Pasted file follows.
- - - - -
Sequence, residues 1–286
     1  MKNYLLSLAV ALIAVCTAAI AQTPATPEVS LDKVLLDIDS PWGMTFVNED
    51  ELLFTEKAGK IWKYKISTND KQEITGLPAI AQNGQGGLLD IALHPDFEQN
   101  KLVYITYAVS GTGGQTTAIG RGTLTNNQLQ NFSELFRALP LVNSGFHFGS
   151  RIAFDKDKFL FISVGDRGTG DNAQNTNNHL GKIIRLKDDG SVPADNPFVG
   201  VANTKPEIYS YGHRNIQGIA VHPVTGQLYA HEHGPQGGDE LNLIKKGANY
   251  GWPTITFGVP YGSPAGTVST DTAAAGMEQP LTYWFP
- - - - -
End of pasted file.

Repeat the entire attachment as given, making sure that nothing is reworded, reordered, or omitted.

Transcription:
Sequence, residues 1–286
     1  MKNYLLSLAV ALIAVCTAAI AQTPATPEVS LDKVLLDIDS PWGMTFVNED
    51  ELLFTEKAGK IWKYKISTND KQEITGLPAI AQNGQGGLLD IALHPDFEQN
   101  KLVYITYAVS GTGGQTTAIG RGTLTNNQLQ NFSELFRALP LVNSGFHFGS
   151  RIAFDKDKFL FISVGDRGTG DNAQNTNNHL GKIIRLKDDG SVPADNPFVG
   201  VANTKPEIYS YGHRNIQGIA VHPVTGQLYA HEHGPQGGDE LNLIKKGANY
   251  GWPTITFGVP YGSPAGTVST DTAAAGMEQP LTYWFP